Sadly for him, Mr. Early's case is a good one to highlight this dichotomy. In downward variance cases such as Irey and Pugh, we vacated sentences on the ground that they failed in effect to give “real weight” to the Guidelines or to adequately reflect the Guidelines' policy statements and underlying concerns. See Irey, 612 F.3d at 1218–19; Pugh, 515 F.3d at 1199–1201. Yet, in the case of Mr. Early's 116 percent upward variance, our opinion does not mention the fact that the sentencing court essentially cast aside the Guidelines on the basis of policy disagreements.1 That the sentence imposed reflects no consideration of “pertinent policy statement[s]” of the Sentencing Commission, contrary to 18 U.S.C. § 3553(a)(5), is nowhere acknowledged.

Neither does this opinion comment on the sentencing court's own views on deterrence and public protection,2 which led it to add almost a decade to Mr. Early's maximum Guideline sentence, almost tripling the sentence that the government had asked for. Instead of leaving prison in his early 60s, Mr. Early is now scheduled to leave prison in his early 70s. But I see nothing in this record to suggest why Mr. Early would be substantially more likely to threaten the public than another convicted felon released from prison in his early 60s.3 In sum, even though our case law purportedly requires “a significant justification” to support a “major departure” from the Guidelines, see Pugh, 515 F.3d at 1201, the panel's review of Mr. Early's 116 percent upward variance evinces little indication that such a requirement even applies here.

Absent correction, I fear this Court's different approach for reviewing up and down sentence variances may erode public trust in our work.


1.  After pointing out that the Guideline range only increased from 57–71 months for one bank robbery to 78–97 months for three robberies, the sentencing court opined, “the guidelines, just in the way that they're created, don't really capture the repeated criminal conduct in the way that—that I think they ought to.” Yet, the Guidelines expressly aim to avoid a system in which each additional count proportionately increases the proper punishment. See U.S.S.G. ch. 1, pt. A, introductory cmt. § 4(e), p.s. (2010). The goal instead is to “produce declining marginal punishment,” id. § 3D1.4 cmt. background, by taking the most serious offense “as a starting point,” and then “provid[ing] incremental punishment for additional criminal conduct,” id. ch. 3, pt. D, introductory cmt. This results in a system in which “[t]he amount of the additional punishment declines as the number of additional offenses increases.” Id. (noting that this approach is intended to apply to “independent instances of assault or robbery”). Disagreeing with this policy, the sentencing court simply set the Guidelines aside.The other explanation given by the court for why the Guidelines failed to reflect the seriousness of Mr. Early's conduct “accurately” was because the four-level enhancement for use of a “dangerous weapon” during a robbery “understate[d]” the tremendous fear that Mr. Early had caused. But it is clear from the Guidelines' carefully calibrated “hierarchy of culpability for varying degrees of involvement,” United States v. Miller, 206 F.3d 1051, 1053 (11th Cir.2000), that the Guidelines intend to distinguish fake bombs from real bombs, reserving harsher punishment for the latter. Compare U.S.S.G. § 2B3.1(b)(2)(D) (four-level enhancement for using a fake bomb) with id. § 2B3.1(b)(2)(A)-(C) (enhancement of five to seven levels for using a real bomb). Thus, this was not a case where the Guidelines failed to take into account the special characteristics of Mr. Early's crime. Instead, the sentencing court simply did not agree with the Guidelines' calibrated distinction between real and fake bombs.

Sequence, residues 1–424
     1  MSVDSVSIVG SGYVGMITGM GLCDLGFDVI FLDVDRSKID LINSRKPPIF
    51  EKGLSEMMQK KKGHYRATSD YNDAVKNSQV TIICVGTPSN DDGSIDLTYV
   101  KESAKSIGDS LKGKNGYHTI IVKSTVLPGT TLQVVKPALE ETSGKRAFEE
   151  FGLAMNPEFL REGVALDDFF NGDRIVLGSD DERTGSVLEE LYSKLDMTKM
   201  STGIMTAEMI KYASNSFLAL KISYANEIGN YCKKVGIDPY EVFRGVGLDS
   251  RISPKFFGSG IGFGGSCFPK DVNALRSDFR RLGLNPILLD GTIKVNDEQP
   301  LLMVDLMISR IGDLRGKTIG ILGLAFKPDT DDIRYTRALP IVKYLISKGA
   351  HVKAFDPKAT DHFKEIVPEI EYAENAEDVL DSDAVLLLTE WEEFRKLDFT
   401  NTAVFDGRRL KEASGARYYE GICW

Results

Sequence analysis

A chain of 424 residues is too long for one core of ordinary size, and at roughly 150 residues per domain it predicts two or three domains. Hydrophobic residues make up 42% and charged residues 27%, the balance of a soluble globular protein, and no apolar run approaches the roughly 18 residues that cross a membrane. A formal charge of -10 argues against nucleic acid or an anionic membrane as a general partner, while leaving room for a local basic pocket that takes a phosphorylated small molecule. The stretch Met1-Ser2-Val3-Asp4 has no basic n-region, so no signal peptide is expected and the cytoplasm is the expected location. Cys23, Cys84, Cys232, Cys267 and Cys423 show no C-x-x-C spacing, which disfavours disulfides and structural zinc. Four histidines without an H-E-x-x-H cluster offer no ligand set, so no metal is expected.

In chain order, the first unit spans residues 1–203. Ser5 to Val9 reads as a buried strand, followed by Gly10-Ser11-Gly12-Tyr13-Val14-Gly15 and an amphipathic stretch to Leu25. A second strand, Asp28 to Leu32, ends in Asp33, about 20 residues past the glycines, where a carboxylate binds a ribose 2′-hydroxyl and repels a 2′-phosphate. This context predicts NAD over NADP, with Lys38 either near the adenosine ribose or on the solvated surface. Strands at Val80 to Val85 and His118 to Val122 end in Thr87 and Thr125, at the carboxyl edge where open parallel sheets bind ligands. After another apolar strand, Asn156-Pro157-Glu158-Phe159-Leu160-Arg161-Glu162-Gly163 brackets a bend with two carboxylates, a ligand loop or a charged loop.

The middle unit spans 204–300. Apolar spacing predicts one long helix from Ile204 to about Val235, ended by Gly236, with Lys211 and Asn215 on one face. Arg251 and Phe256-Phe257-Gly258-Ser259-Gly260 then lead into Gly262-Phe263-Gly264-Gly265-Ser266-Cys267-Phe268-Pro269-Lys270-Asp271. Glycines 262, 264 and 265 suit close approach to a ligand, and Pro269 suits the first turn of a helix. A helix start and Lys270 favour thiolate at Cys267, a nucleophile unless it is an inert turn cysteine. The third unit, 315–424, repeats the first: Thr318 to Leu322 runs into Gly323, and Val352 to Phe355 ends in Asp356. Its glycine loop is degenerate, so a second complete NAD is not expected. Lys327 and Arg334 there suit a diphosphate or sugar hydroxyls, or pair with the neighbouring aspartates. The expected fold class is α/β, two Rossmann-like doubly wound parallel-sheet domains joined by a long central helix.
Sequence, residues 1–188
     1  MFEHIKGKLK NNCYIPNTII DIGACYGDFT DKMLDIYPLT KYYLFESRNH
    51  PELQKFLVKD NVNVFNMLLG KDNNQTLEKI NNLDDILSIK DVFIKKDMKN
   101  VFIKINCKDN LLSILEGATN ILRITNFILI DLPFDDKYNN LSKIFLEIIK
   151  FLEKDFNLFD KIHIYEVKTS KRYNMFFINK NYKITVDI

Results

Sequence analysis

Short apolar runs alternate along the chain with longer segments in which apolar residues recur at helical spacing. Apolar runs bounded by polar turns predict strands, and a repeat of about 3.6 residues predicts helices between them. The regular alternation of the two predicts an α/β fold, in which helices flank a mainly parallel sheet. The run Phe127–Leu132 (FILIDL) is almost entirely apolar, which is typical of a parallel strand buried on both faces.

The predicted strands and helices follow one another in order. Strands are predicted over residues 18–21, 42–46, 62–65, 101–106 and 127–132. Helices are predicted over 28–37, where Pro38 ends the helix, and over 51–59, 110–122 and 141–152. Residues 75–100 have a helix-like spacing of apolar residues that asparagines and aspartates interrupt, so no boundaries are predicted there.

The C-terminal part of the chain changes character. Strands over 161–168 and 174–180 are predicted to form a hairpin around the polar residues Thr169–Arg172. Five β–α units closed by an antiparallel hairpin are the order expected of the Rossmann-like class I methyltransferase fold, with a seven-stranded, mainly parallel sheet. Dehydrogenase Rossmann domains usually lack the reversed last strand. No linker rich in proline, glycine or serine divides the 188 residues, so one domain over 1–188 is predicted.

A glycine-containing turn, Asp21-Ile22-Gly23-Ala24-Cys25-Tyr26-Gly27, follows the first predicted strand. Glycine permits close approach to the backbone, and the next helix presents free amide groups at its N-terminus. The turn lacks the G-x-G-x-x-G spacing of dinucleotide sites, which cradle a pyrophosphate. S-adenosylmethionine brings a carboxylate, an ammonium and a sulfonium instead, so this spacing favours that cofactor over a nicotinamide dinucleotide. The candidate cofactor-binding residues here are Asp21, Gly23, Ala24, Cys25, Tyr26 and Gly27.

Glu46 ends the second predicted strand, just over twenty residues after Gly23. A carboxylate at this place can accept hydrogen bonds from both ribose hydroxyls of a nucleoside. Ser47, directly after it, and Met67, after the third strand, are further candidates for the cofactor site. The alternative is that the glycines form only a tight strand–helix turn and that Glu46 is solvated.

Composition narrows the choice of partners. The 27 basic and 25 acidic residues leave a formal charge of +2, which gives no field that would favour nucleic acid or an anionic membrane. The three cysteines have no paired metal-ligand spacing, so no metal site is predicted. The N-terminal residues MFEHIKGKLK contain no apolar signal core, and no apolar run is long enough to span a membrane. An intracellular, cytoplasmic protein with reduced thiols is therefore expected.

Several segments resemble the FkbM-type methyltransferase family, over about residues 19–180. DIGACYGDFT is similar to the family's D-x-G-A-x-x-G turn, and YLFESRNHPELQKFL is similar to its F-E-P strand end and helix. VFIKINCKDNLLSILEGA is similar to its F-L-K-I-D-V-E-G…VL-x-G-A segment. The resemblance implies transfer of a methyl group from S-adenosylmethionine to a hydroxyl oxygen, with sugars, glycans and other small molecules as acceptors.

2.  In refusing a Guideline sentence, the court emphasized that Mr. Early had convictions which were “too old” to figure into his Guideline calculation. But this is not a reason to disregard the Guidelines, which speak directly to this issue. If an upward departure is warranted because the defendant's criminal history is not adequately captured, the Guidelines advise to apply the criminal history category that “most closely resembles” the defendant's. U.S.S.G. § 4A1.3(a)(4)(A). Where an upward departure from the highest criminal history category is warranted, “the court should structure the departure by moving incrementally down the sentencing table to the next higher offense level in Criminal History Category VI until it finds a guideline range appropriate to the case.” Id. § 4A1.3(a)(4)(B). By giving Mr. Early a sentence that was five years longer than even the highest Guideline sentence for which Mr. Early would have been eligible had he been assigned the maximum criminal history category (VI), the court appears to have rejected this framework.

3.  Mr. Early is neither a sophisticated terrorist nor a sex offender. He therefore does not fall into the category of criminals for whom we have rejected the assumption that “recidivism ordinarily decreases with age.” Jayyousi, 657 F.3d at 1117; see Irey, 612 F.3d at 1213–16. That is not to say that an upward variance was unreasonable given Mr. Early's criminal history. What I question was the reasonableness of adding nearly a decade of prison time to Mr. Early's sentence even though under the maximum Guidelines sentence he would not have left prison until his early 60s. We, as a Circuit, should not ignore § 3553(a)'s clear prohibition against imposing a sentence “greater than necessary[ ] to comply with the purposes set forth” in § 3553(a)(2). 18 U.S.C. § 3553(a).

HILL, Circuit Judge: